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12 2 Multimodal P&A File Trip Distribution Multimodal Matrix 3 Figure 4.3. Trip distribution. such as the freight truck model, the flow in the trip table is The commodity-based freight models use gravity models expressed in units that are common to all modes. When the for trip distribution. However, rather than being trip-specific, freight trip table is a multimodal commodity table, it cus- the models are developed and applied for commodity groups tomarily serves as input to the mode split model component. serving as the purposes for individual tables. Freight flows in When the table is for a single mode it customarily serves as tonnage and by commodity group are distributed on an O-D input to the assignment model component. However, the trip basis for an entire state, either at a district, county, or TAZ tables themselves are useful in analyzing the markets for level. The primary impedance variables are average travel dis- freight flow between geographic zones. tance, average travel time, or composite modal travel time. The trip distribution models are used in statewide models The trip distribution component for the Florida Inter- to forecast the volume of freight shipped between an origin modal Statewide Highway Freight Model described in and a destination. All the state freight models surveyed use Section 8.9 uses a standard gravity model and distributes gravity models for distribution. Gravity models distribute tons produced in one zone to tons consumed in another trips by purpose between origins and destinations, based on zone using friction factors calibrated based on the average the total tons produced at an origin, attracted to a destina- trip lengths identified from TRANSEARCH. In the Indiana tion, and the relative impedance, in the form of friction Commodity Transport Model described in Section 8.8, factors, of traveling between these zones. Gravity models cal- freight shipments are distributed by a gravity model cali- culate this distribution for each O-D pair by purposes and brated using the CFS data. Special care is taken to match the adjust the calculations iteratively based on the calculations of average shipping distance per ton for each commodity all other pairs of the same trip purpose. group. This prevents any inappropriate weighting for many Truck models use truck types as trip purposes. For the New short-distance lightweight deliveries versus a few long- Jersey Statewide Truck Model described in Section 8.6, the trip distance heavyweight shipments that might be included in purposes were light, medium, and heavy trucks. These were the same commodity group. distributed from origins to destinations using the gravity model technique, the same method used in any typical 4.4 Mode Split automobile passenger model. The friction factor curves are first derived from the Quick Response Freight Manual and later As shown in Figure 4.4, the mode split model component adjusted to provide the best fit with average trip lengths derived uses a freight trip table, obtained either from the trip distri- from observed truck survey data. The friction factors were bution or the commodity flow model components, to fore- developed using the following equations from the manual: cast tables of freight flows between all geographic zones for individual freight modes. The mode split component also Light = exp (-0.08 * congested travel time) requires some information about the relative benefits of the Medium = exp (-0.10 * congested travel time) utility of using each freight mode between all geographic Heavy = exp (-0.03 * congested travel time) zones. The modal trip tables of freight flow customarily serve The New Jersey model employs different gravity models as inputs to the assignment model component. If the flow is for internal, external, and through-trips for both medium not expressed as vehicles, but in flow units common for all and heavy truck types. These models are calibrated to match modes such as tons, a conversion to vehicles may be made target distributions based on a combination of observed data prior to using the tables in assignment. However, the trip for trips in New Jersey where data are available, and data from tables themselves are useful in analyzing the markets for other cities where local data are unavailable. freight flow between geographic zones by mode.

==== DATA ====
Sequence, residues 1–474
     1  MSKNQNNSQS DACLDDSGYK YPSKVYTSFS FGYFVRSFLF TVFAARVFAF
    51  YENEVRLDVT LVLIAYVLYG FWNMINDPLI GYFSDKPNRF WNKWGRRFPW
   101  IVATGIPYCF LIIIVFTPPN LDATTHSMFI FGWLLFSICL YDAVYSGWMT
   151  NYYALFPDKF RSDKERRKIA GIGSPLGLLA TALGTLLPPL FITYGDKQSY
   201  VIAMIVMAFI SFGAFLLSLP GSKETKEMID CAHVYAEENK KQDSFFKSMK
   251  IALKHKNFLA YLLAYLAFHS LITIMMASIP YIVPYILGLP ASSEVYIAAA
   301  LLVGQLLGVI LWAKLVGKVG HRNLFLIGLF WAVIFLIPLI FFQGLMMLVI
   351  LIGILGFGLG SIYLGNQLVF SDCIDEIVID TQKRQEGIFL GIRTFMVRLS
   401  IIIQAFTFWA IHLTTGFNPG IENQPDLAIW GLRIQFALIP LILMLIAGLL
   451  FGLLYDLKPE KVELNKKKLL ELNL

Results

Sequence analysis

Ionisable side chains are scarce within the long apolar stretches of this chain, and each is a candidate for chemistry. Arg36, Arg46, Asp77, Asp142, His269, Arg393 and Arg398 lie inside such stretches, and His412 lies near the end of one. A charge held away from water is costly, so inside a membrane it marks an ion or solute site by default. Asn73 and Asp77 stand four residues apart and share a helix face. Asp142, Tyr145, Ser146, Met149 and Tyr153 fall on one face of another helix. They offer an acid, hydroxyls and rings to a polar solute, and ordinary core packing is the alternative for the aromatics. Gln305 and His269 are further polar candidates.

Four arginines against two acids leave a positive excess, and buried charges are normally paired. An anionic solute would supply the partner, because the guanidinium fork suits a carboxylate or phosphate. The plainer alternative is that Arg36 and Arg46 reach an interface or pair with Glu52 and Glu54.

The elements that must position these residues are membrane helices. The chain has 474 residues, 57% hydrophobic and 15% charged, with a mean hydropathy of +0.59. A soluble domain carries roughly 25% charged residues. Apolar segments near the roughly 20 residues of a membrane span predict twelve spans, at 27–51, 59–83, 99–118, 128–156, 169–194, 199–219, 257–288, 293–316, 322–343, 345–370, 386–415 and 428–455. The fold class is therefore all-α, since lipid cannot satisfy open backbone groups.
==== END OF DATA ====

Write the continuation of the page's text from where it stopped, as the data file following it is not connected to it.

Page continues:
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13 3 Multimodal Matrix Mode Split Truck Rail Water Air Matrix Matrix Matrix Matrix 4 4 4 4 Figure 4.4. Mode split. Mode split models, as they are used in statewide freight and commodity group to determine the mode split in the fore- forecasting, convert future flows by all modes into flows by cast year. These base shares are usually not sensitive to factors specific modes. (By definition the truck model class involves like travel times, travel costs, safety, and reliability. However, in only a single mode.) A mode split model may use modal some instances mode-specific information from the commod- shares from the base year commodity data by origin, destina- ity data is used to develop freight mode split models. A detailed tion, and commodity group to determine the mode split in explanation of these methods is provided in the mode split sec- the forecast year. These are usually not sensitive to factors like tion of the O-D factoring method (Section 6.2). travel times, travel costs, safety, and reliability. By identifying The Indiana Commodity Transport Model uses the 1993 specific markets that may have the option to switch modes CFS data to project observed national modal shares into the based on the distance traveled, the type of commodity, and future. The mode split model in the Florida model is based on the size of the shipment, it may be possible to qualitatively an incremental logit choice model and historical mode split adjust mode shares. If modal utility data is available, that percentages. The base year water and air mode splits for each information can be used together with the base commodity commodity group are assumed to remain unchanged in the flow data to develop freight mode split models. future. The choice model is applied to the splits between Commodity flow tonnage is converted to vehicles based on truck, intermodal, and carload rail, which pivot about the commodity-specific factors (tons per truck or railcar) so that base year percentages: loaded truck and/or railcar trips can be assigned to the corre- sponding networks. In most of the models, conversion to air Si exp ( U i ) and waterborne vehicles is not undertaken since assignment Si = J to air and water networks is typically not performed. How- Sj exp(U j ) I =1 ever, the Texas statewide model does convert barge traffic to waterborne tons. where For the O-D factoring class of models, in the process of fac- Si = new share of mode i; toring existing O-D commodity tables by modes, each exist- Si = original share of mode i; and ing modal table is often factored separately. Implicitly, this Ui = utility of mode i in the choice set J (j = 1,2,3,. . .,J). assumes that existing mode shares for each commodity will continue in the future. This is not the only option for treat- The coefficients of the utility function were adopted from ing the split into modes within the O-D factoring class of a study in New York and calibrated to the TRANSEARCH models. How modal allocation is treated depends on the database for Florida. modal-specific network information that is available. At the national level, the Vehicle Inventory and Use Survey If no information is available on the travel times and costs (VIUS) data set provides a large sample that can be used to for the competing modes, the traditional assumption that determine average payloads by commodity, operating radius, existing mode shares will continue in the future is appropriate. vehicle size, and type of truck usage. This information is ap- If qualitative but not quantitative information is available, it is plicable to long trips (greater than 200 miles), since these are possible to use that qualitative information to change specific typically interstate movements. For shorter trips beginning mode shares. Market segments of particular commodities, and ending within the state, average payloads should be esti- O-D pairs by shipping distances, and shipment size may be mated from only those vehicles based in-state. This method identified and expert opinion used to change the modal share. has been used widely in many statewide and regionwide A typical commodity-based mode split model uses modal freight models. However, there are some exceptions where shares from the base year commodity data by origin, destination, the freight tonnage is divided into an equivalent number of